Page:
I’ve been asked a few times recently how I’m spending my days. It’s a tough question to answer. Last week was slightly derailed by the third semi-move we’ve made in the last year. Roughly half our belongings fit into our new apartment, which is roughly half the square footage of our old one. The rest were stored in my mother’s garage, which was attached to the house that she just sold. With a closing date looming, it came time to sort the remaining things. What a strange thing to decide the emotional value of physical belongings. And I’m not entirely sure I would have been able to conjure the energy to do so if it weren’t for my dear friend Sara, whose ability to make one laugh in the midst of a poo-storm is absolutely remarkable. She deserves a special shout out today, because she made the absolute worst task seem like a simple afternoon of girl-bonding time, just as delightful as getting pedicures on a sunny day.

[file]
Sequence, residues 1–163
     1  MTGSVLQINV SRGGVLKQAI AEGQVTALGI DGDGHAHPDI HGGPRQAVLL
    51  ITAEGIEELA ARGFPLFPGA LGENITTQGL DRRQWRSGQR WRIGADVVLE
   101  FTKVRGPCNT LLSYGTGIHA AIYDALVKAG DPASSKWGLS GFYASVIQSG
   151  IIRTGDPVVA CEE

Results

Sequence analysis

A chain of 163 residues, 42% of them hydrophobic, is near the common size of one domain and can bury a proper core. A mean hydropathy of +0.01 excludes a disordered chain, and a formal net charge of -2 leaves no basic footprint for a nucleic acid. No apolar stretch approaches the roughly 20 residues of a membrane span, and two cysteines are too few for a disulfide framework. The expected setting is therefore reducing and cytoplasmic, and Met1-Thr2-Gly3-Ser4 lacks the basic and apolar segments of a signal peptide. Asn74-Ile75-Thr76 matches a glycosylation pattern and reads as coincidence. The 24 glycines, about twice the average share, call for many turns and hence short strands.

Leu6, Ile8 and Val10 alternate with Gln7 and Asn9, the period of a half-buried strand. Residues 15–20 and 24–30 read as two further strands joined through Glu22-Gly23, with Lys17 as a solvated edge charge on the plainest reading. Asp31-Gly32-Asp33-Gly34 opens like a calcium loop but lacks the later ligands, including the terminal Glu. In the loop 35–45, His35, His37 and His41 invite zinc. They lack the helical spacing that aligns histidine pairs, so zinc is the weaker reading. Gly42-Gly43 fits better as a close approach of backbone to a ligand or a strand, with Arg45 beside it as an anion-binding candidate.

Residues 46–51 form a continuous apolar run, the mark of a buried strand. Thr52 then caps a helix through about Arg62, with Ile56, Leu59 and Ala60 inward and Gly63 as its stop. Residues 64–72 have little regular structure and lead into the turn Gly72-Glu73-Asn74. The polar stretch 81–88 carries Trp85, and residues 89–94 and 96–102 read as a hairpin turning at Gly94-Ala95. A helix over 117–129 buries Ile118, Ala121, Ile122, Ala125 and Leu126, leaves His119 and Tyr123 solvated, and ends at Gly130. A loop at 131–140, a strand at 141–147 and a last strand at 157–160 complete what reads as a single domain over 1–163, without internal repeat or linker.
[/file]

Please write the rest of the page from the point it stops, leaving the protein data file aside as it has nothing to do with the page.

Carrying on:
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19. 2021

Hi. Me again. I wish I could say I woke up this morning hungover from the revelries of New Year’s Eve celebrations, but I was in bed by 10 last night. Instead, I woke up with what Brene Brown refers to as a “vulnerability hangover.” Last night was the first time, perhaps since I was four, that I didn’t stay up until midnight on New Year’s Eve. That’s always been an uncompromisable tradition for me, but this year, I simply couldn’t muster the will. 

In reflecting this morning with a little more clarity and grace, I understood something deeply significant. 

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18. The Bleak Midwinter

December 25. Christmas Morning.